An electron diffraction technique called D-STEM has been developed in a transmission electron microscopy/scanning transmission electron microscopy (TEM/STEM) instrument to obtain spot electron diffraction patterns from nanostructures, as small as ∼3 nm. The electron ray path achieved by configuring the pre- and postspecimen illumination lenses enables the formation of a 1–2 nm near-parallel probe, which is used to obtain bright-field/dark-field STEM images. Under these conditions, the beam can be controlled and accurately positioned on the STEM image, at the nanostructure of interest, while sharp spot diffraction patterns can be simultaneously recorded on the charge-coupled device camera. When integrated with softwares such as GatanTM STEM diffraction imaging and Automated Crystallography for TEM or DigistarTM, NanoMEGAS, the D-STEM technique is very powerful for obtaining automated orientation and phase maps based on diffraction information acquired on a pixel by pixel basis. The versatility of the D-STEM technique is demonstrated by applying this technique to nanoparticles, nanowires, and nano interconnect structures.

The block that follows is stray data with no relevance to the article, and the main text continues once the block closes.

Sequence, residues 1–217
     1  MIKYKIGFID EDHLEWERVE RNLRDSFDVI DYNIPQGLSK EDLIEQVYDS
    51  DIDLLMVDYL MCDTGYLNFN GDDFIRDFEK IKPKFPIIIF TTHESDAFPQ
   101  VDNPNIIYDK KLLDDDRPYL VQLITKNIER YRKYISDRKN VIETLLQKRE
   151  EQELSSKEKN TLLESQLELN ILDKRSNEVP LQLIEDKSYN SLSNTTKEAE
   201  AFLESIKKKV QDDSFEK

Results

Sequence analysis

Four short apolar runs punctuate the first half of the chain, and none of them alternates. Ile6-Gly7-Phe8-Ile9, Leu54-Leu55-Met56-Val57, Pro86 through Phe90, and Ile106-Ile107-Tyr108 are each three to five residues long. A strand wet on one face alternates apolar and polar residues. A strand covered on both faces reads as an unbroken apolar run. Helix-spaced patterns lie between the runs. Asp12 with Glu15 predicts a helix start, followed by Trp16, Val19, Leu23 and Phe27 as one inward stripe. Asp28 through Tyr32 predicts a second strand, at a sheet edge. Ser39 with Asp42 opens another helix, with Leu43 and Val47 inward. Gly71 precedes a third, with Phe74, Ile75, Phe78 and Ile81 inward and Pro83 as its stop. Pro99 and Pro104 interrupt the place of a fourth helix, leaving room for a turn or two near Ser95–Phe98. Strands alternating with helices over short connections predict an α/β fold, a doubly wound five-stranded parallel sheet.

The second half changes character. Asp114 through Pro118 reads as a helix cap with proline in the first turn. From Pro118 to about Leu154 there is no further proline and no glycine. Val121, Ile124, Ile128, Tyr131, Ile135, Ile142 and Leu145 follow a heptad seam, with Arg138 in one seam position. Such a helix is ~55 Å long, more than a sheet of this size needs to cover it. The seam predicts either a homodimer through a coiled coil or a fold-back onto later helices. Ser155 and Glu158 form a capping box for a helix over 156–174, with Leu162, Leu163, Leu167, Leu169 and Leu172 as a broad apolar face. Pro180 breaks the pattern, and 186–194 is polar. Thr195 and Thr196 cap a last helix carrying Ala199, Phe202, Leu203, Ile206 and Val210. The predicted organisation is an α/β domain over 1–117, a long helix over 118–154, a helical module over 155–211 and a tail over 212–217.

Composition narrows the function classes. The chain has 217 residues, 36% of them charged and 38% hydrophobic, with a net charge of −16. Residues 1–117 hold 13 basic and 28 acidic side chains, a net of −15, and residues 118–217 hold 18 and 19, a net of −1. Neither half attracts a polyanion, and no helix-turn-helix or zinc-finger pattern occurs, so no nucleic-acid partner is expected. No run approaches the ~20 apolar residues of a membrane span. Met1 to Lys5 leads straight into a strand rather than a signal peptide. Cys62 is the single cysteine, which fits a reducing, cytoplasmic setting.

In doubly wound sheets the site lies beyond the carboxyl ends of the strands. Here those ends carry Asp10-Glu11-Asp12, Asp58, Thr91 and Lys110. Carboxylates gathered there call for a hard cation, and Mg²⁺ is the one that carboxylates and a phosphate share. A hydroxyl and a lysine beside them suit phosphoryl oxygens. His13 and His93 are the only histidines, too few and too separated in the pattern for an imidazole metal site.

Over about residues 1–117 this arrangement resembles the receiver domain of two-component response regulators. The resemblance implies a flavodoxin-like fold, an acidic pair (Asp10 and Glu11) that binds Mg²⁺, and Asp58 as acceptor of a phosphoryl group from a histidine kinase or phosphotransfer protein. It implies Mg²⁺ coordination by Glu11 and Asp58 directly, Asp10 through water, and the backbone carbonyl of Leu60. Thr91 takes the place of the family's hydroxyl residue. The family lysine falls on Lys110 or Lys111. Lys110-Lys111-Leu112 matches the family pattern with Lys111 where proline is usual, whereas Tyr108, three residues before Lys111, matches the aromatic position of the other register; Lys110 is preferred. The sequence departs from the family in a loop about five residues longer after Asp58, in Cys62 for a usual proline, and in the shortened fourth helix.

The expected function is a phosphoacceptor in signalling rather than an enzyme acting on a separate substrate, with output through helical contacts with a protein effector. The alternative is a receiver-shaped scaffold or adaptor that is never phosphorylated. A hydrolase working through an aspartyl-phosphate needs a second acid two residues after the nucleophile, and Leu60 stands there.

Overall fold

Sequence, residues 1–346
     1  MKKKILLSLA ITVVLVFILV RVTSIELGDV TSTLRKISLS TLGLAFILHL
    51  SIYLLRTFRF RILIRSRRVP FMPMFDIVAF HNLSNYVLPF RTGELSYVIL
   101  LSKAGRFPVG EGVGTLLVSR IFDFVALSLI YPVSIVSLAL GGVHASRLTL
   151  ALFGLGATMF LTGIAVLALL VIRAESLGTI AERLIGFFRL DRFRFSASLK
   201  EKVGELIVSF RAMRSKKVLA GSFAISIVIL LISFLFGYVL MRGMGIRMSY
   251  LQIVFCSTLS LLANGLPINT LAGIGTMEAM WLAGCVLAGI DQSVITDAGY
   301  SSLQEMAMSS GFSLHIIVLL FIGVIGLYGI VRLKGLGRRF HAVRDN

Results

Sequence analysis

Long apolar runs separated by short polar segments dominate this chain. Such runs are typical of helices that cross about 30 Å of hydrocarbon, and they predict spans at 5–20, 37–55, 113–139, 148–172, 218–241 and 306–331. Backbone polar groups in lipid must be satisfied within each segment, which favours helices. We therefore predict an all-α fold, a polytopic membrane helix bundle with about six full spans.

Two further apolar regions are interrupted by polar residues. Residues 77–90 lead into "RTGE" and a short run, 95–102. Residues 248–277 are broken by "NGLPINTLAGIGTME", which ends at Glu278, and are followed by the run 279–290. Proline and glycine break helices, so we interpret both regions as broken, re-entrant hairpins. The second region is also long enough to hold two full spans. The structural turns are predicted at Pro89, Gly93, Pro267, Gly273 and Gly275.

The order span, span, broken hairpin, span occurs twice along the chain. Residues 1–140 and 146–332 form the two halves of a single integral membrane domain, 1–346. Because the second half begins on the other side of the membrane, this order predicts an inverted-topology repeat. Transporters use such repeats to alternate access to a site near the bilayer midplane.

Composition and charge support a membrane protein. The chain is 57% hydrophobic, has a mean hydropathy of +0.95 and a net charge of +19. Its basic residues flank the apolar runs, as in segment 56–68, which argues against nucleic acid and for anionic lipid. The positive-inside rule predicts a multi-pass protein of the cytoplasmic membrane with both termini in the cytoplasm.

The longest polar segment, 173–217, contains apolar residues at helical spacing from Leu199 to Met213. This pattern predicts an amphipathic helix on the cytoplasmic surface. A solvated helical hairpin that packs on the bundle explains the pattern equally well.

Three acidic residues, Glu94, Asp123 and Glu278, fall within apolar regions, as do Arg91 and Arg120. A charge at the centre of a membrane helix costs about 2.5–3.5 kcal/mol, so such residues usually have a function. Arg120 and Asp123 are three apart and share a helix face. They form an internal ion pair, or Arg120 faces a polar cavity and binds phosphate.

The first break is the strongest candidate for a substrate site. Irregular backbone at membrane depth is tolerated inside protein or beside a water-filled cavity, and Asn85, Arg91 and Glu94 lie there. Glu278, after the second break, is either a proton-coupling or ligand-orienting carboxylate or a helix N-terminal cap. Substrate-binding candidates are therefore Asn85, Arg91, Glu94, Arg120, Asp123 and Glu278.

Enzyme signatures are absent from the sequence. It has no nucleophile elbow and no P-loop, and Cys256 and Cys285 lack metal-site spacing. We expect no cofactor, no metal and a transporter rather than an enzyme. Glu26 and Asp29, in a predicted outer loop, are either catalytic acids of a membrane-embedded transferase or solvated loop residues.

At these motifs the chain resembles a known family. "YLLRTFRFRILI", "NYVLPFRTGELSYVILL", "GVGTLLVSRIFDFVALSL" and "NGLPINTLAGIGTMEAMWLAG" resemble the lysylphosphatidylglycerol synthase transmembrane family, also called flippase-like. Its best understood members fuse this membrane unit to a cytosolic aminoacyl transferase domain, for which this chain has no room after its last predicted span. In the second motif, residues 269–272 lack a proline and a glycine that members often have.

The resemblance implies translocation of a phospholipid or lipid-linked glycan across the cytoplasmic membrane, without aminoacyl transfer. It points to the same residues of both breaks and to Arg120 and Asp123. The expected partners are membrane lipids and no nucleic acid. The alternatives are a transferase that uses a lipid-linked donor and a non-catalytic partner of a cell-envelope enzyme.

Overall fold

Email your librarian or administrator to recommend adding this journal to your organisation's collection.
* Views captured on Cambridge Core between September 2016 - 29th May 2017. This data will be updated every 24 hours.